The famous Lord Ayyappa Temple opened for the famous annual Mandala-Makaravilakku pilgrimage season. Sabarimala Tempe is all set to receive more pilgrims now with the Kerala government deciding to allow more devotees for darshan by adhering to COVID-19 protocols. According to the new decision, a maximum of 2000 devotees would be allowed at the hill shrine on weekdays and 3000 on weekends, the state Devaswom Minister Kadakampally Surendran said.
"It has been decided to allow more pilgrims at the Sabarimala temple. The entire booking will be done online," he said in a statement. Pilgrims can book darshan on the website from today, the minister added. Noting that the entire pilgrimage would be incompliance with the COVID-19 guidelines, Mr Surendran said all devotees are required to produce a Covid negative certificate within 24 hours before reaching Nilakkal, the base camp.
Arrangements have been made at Nilakkal for devotees to undergo tests. Pilgrims can also check at any authorised Covid kiosk run by the government or private agencies anywhere en route Sabarimala, the minister added. Meanwhile, the state Health Department has intensified antigen testing in Sabarimala and its base camps to check the possible spread of the infection in view of the increase in the number of pilgrims at the hill shrine.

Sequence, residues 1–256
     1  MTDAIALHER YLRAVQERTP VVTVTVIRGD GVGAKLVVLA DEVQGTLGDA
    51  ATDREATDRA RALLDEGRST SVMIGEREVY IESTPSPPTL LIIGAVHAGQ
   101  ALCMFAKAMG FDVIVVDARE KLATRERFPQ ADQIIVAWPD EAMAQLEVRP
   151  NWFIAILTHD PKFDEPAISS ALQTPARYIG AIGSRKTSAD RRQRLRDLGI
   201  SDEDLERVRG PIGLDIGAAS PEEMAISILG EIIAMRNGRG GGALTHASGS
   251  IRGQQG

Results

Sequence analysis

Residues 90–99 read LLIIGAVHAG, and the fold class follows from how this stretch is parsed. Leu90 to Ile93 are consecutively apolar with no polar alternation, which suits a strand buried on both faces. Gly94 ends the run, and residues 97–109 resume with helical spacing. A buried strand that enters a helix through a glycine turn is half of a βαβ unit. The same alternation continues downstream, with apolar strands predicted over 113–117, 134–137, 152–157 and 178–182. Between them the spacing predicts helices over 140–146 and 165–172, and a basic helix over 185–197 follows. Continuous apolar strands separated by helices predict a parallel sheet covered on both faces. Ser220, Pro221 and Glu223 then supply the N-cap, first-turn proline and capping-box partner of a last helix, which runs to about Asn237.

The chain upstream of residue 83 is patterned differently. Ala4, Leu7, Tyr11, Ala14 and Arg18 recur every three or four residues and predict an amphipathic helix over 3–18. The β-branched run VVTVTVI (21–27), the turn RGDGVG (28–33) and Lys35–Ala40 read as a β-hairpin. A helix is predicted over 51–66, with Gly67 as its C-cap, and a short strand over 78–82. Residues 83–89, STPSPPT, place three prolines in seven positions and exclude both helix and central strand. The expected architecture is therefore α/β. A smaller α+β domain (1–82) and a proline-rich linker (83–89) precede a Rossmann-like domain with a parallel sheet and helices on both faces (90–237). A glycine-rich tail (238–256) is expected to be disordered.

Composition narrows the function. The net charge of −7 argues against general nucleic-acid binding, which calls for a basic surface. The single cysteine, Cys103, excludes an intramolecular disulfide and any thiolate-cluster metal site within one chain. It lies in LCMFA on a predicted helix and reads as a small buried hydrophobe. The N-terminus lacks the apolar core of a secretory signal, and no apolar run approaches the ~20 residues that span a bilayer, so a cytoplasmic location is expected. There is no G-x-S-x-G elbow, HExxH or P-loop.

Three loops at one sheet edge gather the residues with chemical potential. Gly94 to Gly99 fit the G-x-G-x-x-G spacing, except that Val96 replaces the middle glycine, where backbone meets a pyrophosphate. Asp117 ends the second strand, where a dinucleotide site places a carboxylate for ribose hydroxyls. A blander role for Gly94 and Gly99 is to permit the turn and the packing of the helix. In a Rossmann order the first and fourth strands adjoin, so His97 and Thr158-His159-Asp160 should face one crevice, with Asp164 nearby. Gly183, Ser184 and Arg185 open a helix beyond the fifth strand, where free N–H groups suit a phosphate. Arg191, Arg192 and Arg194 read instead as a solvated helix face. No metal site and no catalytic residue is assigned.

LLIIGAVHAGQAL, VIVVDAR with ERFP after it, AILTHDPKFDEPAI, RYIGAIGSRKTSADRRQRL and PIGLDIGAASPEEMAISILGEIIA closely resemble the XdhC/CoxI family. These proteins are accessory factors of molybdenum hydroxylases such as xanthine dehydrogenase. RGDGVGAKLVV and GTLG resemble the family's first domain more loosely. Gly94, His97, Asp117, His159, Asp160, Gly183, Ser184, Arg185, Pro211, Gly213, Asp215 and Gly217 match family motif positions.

The department, on Monday, began testing at Sannidhanam (temple complex) and Pamba, the base camp, for all categories of employees and volunteers at the shrine for more than 14 days, official sources said. A total of 200 people are examined daily at the health centre in Pamba.
Of the 200 cleaning staff, four tested positive. They have been shifted to the Covid treatment centre at Erumeli. The antigen testing would begin at 3 pm at the health centre in Pamba, they added. Till November 27, a total of 39 people including pilgrims, police personnel and temple employees, had tested positive in Sabarimala since the temple was opened for the annual pilgrimage season on November 16.
The auspicious Mandala pooja would be held on December 26. After the Makaravilakku ritual on January 14, the temple would be closed on January 20, marking the end of the auspicious season.